While it would not surprise me that the correlation between bounces/time on site relative to ranking changes was not positive but rather a spurious relationship, I can't think of a better source... More specific user actions (like printing/bookmarking) would which while probably measured not be large enough in small cases like mine and the author's to account exclusively for google's behavior bump.
I don't see other visits to other pages on site being a factor because my test case is a one page website (yet I receive all types of bounces/time spent one site in GA).
Visitors returning to your page is I believe a strong possibility (because if nothing else GA tracks this per keyword so we know google thinks this is very important data).
My best guess is that is that google's various tracking services are working together to give the big picture of what users/websites are doing. I suspect if a user goes from my site that uses GA to another site that uses GA, that they could for example calculate the time on site based on those two services. Other sources would be returning to the serps which obviously google tracks...going elsewhere while having the google toolbar or perhaps using another service like gmail (which may signify the user is done with your website).
The big question is how this is all usable for SEO. I do think like Tedster said this would not be easy to manipulate such as just spam clicking your page from the SERP's. Google probably detects what is a unique user based on IP and/or your google account...and probably has an organic filter that eliminates unnaturally high click spikes that statistically have too much volume.
I do think however that if one could pony up enough friends (for competitive terms this would probably have to be many thousands IMO) and I think in theory this could work. It might be interesting to test this, as in GA right next to each keyword it displays the recorded bounce rate and time on site for each search term so you might be able calibrate what google determine to be spam clicks based on this.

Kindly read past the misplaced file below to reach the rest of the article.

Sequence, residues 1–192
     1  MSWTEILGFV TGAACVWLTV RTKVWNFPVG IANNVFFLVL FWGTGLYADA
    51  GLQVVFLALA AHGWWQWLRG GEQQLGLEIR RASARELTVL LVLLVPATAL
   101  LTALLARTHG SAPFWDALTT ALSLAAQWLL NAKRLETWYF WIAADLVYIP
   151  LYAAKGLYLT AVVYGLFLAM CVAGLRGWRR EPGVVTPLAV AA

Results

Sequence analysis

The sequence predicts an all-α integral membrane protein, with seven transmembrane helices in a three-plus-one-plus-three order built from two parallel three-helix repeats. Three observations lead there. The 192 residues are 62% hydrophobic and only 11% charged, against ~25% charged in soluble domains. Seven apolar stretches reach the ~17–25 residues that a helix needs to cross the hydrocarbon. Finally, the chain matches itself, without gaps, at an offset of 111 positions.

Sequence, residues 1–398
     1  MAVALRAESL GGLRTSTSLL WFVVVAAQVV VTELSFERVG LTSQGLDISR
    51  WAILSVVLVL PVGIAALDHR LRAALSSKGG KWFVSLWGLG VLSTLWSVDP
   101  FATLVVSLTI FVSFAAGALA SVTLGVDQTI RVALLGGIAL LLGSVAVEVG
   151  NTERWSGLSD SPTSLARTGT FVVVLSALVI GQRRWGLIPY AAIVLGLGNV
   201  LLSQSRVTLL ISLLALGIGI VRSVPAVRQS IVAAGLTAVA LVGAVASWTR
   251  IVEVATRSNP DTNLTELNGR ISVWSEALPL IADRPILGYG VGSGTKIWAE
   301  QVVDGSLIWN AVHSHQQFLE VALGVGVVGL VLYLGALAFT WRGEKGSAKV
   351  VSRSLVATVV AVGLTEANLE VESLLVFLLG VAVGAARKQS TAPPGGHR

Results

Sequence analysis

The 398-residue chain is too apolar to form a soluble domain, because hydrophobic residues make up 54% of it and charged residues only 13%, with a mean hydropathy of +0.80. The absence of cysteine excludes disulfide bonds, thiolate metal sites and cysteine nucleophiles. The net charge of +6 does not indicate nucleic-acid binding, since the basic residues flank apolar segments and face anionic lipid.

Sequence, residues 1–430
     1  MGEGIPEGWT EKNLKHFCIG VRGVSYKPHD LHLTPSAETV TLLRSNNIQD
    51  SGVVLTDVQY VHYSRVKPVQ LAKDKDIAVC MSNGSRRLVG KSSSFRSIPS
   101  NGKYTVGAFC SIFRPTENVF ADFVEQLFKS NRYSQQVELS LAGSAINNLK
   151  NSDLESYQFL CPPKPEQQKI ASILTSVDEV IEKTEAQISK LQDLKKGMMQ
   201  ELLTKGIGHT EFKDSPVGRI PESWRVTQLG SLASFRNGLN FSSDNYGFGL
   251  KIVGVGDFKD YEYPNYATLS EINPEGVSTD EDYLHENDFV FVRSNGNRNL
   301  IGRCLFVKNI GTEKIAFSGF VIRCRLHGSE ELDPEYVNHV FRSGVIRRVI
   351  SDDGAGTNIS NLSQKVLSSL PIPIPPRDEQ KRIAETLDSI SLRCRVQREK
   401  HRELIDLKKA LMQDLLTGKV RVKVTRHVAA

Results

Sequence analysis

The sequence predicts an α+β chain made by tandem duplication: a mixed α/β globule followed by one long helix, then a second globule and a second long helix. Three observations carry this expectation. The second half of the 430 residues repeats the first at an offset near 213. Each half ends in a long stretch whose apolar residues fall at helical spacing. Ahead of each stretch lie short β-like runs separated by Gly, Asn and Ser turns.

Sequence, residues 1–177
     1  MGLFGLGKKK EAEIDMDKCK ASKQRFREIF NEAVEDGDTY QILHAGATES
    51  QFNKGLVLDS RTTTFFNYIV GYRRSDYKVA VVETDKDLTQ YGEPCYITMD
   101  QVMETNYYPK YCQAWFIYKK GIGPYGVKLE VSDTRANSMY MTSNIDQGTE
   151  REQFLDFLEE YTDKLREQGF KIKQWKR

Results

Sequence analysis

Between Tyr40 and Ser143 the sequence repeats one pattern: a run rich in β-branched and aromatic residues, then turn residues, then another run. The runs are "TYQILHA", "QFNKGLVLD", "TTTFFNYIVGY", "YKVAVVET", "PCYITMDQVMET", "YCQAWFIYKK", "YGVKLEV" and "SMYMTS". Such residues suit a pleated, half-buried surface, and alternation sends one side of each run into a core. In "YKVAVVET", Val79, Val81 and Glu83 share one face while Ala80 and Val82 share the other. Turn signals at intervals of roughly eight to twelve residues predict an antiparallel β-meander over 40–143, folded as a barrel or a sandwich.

Probably the most practical solution however would be to make sure that A...users are clicking your link from the SERP's. If this is the case, meta descriptions no longer would have to be designed for googlebot but for humans and would have to have very catchy phrases ('free widget', 'top secret information','earth shattering exclusive report'...that type of thing) .
Once on the site you then need to manipulate users into staying longer than they normally would. I don't know if splash pages/glorified menu pages/teasers would be the key as I suspect page clicks aren't what google tracks anymore and that they have a way of calculating time on site regardless of this. Perhaps a online game section on your website which you stuff with free flash games to up that time spent on website? Freebies but with bureaucratic time consuming forms/processes to obtain? This is a toughy...
Definitely think it would be stupid for google to measure this type of thing as often I get what I want from a well designed website rightaway and then go back to google for a new search...while with bad designed websites I can spend a lot of time looking for my needle in the haystack and yet never find it...but in google's eyes I could perhaps be voting for this type of site.